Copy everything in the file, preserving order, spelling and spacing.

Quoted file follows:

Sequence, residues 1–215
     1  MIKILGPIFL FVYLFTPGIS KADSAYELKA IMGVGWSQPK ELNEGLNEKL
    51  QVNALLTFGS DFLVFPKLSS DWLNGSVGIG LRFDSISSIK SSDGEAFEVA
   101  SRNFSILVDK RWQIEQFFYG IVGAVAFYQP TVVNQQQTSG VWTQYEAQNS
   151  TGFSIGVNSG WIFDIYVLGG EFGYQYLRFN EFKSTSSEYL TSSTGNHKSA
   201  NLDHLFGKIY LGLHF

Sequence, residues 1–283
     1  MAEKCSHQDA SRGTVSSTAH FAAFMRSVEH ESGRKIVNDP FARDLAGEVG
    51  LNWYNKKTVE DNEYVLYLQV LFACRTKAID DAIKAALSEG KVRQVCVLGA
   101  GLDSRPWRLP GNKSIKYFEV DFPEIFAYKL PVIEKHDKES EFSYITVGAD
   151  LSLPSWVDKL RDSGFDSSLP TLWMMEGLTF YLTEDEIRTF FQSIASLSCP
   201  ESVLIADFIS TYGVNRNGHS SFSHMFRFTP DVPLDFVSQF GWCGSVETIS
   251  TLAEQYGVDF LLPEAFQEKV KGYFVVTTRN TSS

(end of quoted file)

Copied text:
Sequence, residues 1–215
     1  MIKILGPIFL FVYLFTPGIS KADSAYELKA IMGVGWSQPK ELNEGLNEKL
    51  QVNALLTFGS DFLVFPKLSS DWLNGSVGIG LRFDSISSIK SSDGEAFEVA
   101  SRNFSILVDK RWQIEQFFYG IVGAVAFYQP TVVNQQQTSG VWTQYEAQNS
   151  TGFSIGVNSG WIFDIYVLGG EFGYQYLRFN EFKSTSSEYL TSSTGNHKSA
   201  NLDHLFGKIY LGLHF

Sequence, residues 1–283
     1  MAEKCSHQDA SRGTVSSTAH FAAFMRSVEH ESGRKIVNDP FARDLAGEVG
    51  LNWYNKKTVE DNEYVLYLQV LFACRTKAID DAIKAALSEG KVRQVCVLGA
   101  GLDSRPWRLP GNKSIKYFEV DFPEIFAYKL PVIEKHDKES EFSYITVGAD
   151  LSLPSWVDKL RDSGFDSSLP TLWMMEGLTF YLTEDEIRTF FQSIASLSCP
   201  ESVLIADFIS TYGVNRNGHS SFSHMFRFTP DVPLDFVSQF GWCGSVETIS
   251  TLAEQYGVDF LLPEAFQEKV KGYFVVTTRN TSS